Howard the crocodile, pictured next to the trap set for him in Saltwater Creek, Miallo, by the Department of Environment and Science. Photo: Melissa Hills
Howard the crocodile, pictured next to the trap set for him in Saltwater Creek, Miallo, by the Department of Environment and Science. Photo: Melissa Hills

Howard the Houdini croc eludes rangers

HOWARD the crocodile is still free two months after he was first targeted for eviction from a Far Northern creek, but rangers are not giving up trying to capture him.

The Department of Environment and Science's trap has remained at Saltwater Creek, Miallo since August 23, following a complaint about the 4m saltwater croc's proximity to human habitat.

Locals, however, have been campaigning to keep Howard in the creek, saying the large apex predator has not shown any aggressive behaviour towards humans.

A DES spokesman said given the size of the croc, location and behaviour, Howard was deemed a problem animal.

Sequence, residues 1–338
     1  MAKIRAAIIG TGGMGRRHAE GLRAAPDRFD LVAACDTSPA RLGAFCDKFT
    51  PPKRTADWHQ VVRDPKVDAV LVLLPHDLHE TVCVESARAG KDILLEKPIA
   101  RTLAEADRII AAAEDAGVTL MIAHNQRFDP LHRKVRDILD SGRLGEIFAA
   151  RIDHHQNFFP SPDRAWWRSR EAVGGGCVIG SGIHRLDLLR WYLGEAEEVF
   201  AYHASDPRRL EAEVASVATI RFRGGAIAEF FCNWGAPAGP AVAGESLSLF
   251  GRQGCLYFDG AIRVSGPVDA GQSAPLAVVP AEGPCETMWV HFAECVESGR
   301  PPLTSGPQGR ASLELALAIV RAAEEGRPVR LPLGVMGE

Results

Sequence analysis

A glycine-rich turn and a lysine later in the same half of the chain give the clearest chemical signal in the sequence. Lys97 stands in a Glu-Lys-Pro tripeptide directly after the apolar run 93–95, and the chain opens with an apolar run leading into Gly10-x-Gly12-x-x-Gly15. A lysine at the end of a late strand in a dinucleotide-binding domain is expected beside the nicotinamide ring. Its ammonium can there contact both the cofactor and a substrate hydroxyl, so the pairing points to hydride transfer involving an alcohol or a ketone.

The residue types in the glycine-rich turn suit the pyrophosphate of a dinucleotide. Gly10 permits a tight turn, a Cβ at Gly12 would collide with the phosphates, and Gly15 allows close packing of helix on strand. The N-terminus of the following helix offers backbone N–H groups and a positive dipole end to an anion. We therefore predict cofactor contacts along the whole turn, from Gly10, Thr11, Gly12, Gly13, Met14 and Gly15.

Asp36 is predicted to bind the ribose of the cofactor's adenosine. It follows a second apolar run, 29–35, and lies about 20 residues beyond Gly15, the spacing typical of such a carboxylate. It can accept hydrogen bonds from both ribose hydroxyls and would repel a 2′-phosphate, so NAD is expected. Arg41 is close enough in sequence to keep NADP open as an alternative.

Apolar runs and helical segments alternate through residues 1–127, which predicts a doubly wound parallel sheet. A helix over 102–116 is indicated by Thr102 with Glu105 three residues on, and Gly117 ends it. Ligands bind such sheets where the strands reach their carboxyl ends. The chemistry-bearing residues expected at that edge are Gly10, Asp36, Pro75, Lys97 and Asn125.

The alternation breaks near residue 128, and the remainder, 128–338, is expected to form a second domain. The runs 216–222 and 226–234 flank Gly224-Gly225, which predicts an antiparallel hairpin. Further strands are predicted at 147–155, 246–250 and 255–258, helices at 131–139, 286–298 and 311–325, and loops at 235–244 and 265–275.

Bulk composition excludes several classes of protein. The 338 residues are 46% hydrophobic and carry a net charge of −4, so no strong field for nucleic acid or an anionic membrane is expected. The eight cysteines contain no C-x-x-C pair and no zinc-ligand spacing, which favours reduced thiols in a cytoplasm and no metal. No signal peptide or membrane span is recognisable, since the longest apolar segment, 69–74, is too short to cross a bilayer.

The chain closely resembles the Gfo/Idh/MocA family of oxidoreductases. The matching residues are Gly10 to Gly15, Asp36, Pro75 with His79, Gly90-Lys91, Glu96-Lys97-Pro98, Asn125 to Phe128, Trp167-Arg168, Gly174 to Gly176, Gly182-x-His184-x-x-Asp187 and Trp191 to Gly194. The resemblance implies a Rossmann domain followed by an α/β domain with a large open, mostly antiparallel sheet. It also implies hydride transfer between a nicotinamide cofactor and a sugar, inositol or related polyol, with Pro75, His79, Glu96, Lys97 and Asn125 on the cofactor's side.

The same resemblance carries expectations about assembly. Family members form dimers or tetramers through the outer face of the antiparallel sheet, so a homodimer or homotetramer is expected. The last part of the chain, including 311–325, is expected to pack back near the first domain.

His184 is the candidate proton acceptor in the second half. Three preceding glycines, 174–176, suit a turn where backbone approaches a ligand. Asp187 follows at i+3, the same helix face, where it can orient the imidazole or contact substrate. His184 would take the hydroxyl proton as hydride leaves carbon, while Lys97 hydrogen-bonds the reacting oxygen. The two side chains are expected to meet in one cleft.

Howard the crocodile, pictured next to the trap set for him in Saltwater Creek, Miallo, by the Department of Environment and Science. Photo: Melissa Hills
Howard the crocodile, pictured next to the trap set for him in Saltwater Creek, Miallo, by the Department of Environment and Science. Photo: Melissa Hills

"Crocodiles that pose a threat to human safety are targeted for removal under the Queensland Crocodile Management Plan," he said.

"The department must work to achieve a balance between the need to protect public safety and the need to conserve estuarine crocodile populations in the wild."

In the Far North, the department has removed 30 crocodiles so far this year, out of a total 40 taken from waterways across the state.

Environment Minister Leeanne Enoch said any crocs that posed a high risk to public safety were removed, regardless of length.

"These figures are proof that the government takes this very seriously," she said.

In 2016-17, the government committed $5.8 million over three years to improving croc management in Queensland, including a three-year survey of the vulnerable species' populations across the state.

Early data from the program has shown there is an average density of about one saltwater crocodile per kilometre, significantly less than average densities of the species in the Northern Territory.

Ms Enoch said it was concerning there were still people calling for a cull of crocodiles.

"The fact is that a cull is not a solution to the risks posed by crocodiles," she said.



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